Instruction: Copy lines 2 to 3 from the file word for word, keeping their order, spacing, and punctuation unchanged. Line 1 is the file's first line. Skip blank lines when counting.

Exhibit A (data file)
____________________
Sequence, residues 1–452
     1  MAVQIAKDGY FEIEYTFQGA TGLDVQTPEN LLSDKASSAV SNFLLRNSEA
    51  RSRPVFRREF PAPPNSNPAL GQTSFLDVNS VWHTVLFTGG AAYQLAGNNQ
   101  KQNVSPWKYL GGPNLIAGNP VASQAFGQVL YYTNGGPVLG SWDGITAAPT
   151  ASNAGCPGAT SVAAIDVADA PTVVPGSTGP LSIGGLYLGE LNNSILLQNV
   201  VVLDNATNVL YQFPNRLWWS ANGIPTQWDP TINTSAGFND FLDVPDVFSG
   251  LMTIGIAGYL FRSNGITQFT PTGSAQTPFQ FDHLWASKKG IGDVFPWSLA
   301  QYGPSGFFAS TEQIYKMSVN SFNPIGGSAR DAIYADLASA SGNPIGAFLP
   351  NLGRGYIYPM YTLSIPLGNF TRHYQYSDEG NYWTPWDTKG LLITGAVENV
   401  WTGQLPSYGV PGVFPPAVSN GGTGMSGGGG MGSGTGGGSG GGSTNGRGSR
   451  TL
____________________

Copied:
     1  MAVQIAKDGY FEIEYTFQGA TGLDVQTPEN LLSDKASSAV SNFLLRNSEA
    51  RSRPVFRREF PAPPNSNPAL GQTSFLDVNS VWHTVLFTGG AAYQLAGNNQ